If we wish to end the war sooner than later, our only choice is to help the war get to one of its two most likely 'natural' outcomes sooner then later: Shiite victory and brutal dictatorship or stalemate and partition.  As we draw down, we can use our leverage to try to achieve one of those outcomes.  We may not succeed.  The Iraqis may have to fight their way to an outcome.

The U.S. should want the war to end sooner than later because of the risks of regional instability, danger to the world economy, relatively less Iranian influence, and less blood spilled.  Of the two distasteful options, in a situation where there are no options that are both good and realistic, the US should prefer partition.  In addition to the benefits of ending the war sooner than later, a partition will also allow some counterwieght to the Iranians, and allow for some US leverage in part/s of Iraq.  Partition is no panacea, and Turkey may intervene in the Kurdish area no matter the scenario.  It is possible that we have a narrow, and brutally-intepreted, self interest in seeing the war rage on with no definitive winner.  That may be the best way to lessen Iranian influence, but the risks of regional instability will remain high and the blood price will be maximized.

Why we are on the way to losing in Afghanistan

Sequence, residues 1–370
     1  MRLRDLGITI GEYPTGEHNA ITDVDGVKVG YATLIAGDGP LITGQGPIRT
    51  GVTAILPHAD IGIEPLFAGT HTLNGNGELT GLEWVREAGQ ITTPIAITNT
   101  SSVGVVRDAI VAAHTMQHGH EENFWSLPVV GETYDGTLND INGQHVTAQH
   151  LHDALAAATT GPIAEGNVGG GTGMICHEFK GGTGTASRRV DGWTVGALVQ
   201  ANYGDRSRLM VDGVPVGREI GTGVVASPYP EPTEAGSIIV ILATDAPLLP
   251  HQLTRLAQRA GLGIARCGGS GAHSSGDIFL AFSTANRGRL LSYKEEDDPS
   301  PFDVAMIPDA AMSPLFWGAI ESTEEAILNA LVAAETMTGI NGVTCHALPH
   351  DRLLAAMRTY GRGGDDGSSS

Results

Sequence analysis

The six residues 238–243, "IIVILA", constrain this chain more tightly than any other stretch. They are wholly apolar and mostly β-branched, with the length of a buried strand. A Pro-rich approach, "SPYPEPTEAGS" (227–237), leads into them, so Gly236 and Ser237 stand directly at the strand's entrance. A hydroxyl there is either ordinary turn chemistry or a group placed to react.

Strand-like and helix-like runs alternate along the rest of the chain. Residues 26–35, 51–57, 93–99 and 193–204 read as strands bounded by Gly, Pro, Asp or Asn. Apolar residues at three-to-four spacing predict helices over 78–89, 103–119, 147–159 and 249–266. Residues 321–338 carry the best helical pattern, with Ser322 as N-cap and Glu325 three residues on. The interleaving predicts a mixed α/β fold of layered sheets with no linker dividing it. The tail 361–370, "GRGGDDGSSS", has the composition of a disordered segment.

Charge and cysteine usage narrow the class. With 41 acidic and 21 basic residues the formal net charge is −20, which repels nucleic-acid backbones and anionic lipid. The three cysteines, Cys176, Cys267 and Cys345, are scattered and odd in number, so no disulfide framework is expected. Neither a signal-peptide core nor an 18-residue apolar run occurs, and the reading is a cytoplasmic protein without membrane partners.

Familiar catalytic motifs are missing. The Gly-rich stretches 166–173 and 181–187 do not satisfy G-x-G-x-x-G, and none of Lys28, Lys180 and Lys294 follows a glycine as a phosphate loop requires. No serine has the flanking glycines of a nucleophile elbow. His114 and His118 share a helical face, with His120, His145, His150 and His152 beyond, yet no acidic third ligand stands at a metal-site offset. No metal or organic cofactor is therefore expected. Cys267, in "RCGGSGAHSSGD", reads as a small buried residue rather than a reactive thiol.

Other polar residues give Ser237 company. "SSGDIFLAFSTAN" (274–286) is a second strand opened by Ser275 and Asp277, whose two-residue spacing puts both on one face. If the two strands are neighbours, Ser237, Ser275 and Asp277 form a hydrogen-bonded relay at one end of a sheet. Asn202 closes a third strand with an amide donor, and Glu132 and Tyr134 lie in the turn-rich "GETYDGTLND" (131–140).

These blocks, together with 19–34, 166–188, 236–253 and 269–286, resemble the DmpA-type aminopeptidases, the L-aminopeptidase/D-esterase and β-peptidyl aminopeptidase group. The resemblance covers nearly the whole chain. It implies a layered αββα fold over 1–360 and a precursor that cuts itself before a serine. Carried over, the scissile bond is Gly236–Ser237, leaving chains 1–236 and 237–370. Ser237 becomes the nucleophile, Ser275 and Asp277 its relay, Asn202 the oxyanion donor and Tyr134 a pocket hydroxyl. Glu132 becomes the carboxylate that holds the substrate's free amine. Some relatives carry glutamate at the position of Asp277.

Two reasons.  First, as mentioned, we need 20 troops per thousand population to stabilize a country.  In Iraq we have about 6 per thousand.  In Afghanistan, we have less than 1 (see the first Quinlivan piece, above).  Even at the recent troop level of 20,000, we have less than 1 per thousand because Afghanistan's population is 27,000,000 (larger than Iraq's).  Second the violence is spiking fast, and is unlikely to get better.  It will worsen because Pakistan is withdrawing its armed forces from its Western provinces (N. and S. Waziristan, with more to come), essentially handing them over to the Taliban and Al Qaeda.  The Taliban is assassinating tribal leaders in these areas and consolidating its power.  Hence, the Taliban and AQ are gaining strongholds and safe-havens to conduct operations in Afghanistan (and elsewhere; the Western provinces are becoming pre-9/11 Afghanistan, shielded by the sovereignty of Pakistan).  Because of this, the situation in Afghanistan will only get worse.  These two blogs have extensive coverage of this under-reported situation: http://counterterrorismblog.org/ and http://billroggio.com/ .  Most but not all of the bloggers in the first seem credible to me, and Roggio seems credible to me.  For more info on who these bloggers are, see: http://counterterrorismblog.org/about/ and http://billroggio.com/about/ .